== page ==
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I would definitely continue. Your imagery is very vivid and draws me in and the whole concept of stalking prey is quite intriguing. It also immediately raises questions about motive. A strong first paragraph.

Here is mine from War Orphan:

A cool breeze plays with Maria’s hair as she waits for the lynch mob. Standing on the terrace of her house, situated on what the locals call Forbidden Hills, her gaze rests on the far-away mountains. Their tips are still bathed in the crimson red of the setting sun, but the dark shadows of nightfall are creeping closer. In a couple of weeks, snow will cover those mountaintops—by then she will be long dead.


Thank you, I appreciate the feedback!

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This imagery is really good, and I wonder how Maria knows she’s going to die in a couple weeks, is she psychic? Is it because she’s meeting a mob with bad news?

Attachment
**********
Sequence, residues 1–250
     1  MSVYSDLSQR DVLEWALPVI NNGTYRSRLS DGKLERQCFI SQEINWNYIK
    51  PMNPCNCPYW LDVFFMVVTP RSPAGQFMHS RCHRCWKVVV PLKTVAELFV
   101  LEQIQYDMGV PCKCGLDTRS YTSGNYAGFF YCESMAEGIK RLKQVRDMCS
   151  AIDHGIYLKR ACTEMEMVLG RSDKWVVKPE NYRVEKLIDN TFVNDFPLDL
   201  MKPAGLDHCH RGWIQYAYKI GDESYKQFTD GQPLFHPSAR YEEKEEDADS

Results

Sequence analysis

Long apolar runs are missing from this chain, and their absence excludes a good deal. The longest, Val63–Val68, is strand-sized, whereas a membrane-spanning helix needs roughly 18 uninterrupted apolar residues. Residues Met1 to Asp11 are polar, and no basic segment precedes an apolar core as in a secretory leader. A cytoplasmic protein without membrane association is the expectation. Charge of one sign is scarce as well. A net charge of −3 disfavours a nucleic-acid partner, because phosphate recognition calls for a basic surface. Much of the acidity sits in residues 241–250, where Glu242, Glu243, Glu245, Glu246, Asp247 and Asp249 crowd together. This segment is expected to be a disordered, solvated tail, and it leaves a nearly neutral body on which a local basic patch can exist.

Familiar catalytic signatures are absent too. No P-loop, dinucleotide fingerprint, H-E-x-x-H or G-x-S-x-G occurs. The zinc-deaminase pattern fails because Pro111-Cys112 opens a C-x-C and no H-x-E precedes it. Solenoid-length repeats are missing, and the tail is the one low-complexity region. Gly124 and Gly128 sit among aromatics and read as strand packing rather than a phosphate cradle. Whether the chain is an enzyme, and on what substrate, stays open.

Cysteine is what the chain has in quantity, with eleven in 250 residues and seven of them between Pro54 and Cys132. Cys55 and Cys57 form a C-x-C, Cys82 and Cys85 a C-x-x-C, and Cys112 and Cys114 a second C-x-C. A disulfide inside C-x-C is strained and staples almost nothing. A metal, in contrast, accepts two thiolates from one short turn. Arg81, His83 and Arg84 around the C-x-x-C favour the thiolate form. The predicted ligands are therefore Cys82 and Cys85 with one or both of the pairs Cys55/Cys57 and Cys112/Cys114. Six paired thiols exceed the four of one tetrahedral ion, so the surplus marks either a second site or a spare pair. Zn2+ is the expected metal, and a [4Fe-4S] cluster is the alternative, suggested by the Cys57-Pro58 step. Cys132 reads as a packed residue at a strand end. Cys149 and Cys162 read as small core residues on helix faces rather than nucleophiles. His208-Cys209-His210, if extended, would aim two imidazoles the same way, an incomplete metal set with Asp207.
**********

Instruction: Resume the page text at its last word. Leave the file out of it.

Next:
From my book, Yours Trustfully.

“Did you hear? The prince passed in a horse riding accident.”

“Yes, the mare bucked near a steep cliff and the poor prince fell to his death.”

“Will they be able to recover the body?”

“They have recovered it. That handsome face of his, smashed beyond repair. The funeral is in a few days. Old King Edward will make an announcement that day, I hear.”

Such were the whispers on the streets of Lyston a few days after their beloved heir to the throne, James Maxwell Edward Pembrook, passed away, leaving everyone with a gut-wrenching ache that no condolence could eradicate. They were left with a hole in their heart so deep, even the deep seas seemed like a drop of water in the desert at their mercy.

It’s a bit hard to understand the context because it’s just two paragraphs in. We’re yet to discover the character, but understand their inner turmoils based on those paragraphs. I would delve deeper into the story. But that’s probably because I’m a sucker for monologues.

Here’s mine:

Title: The Inglorious Thieving of Bernard Ho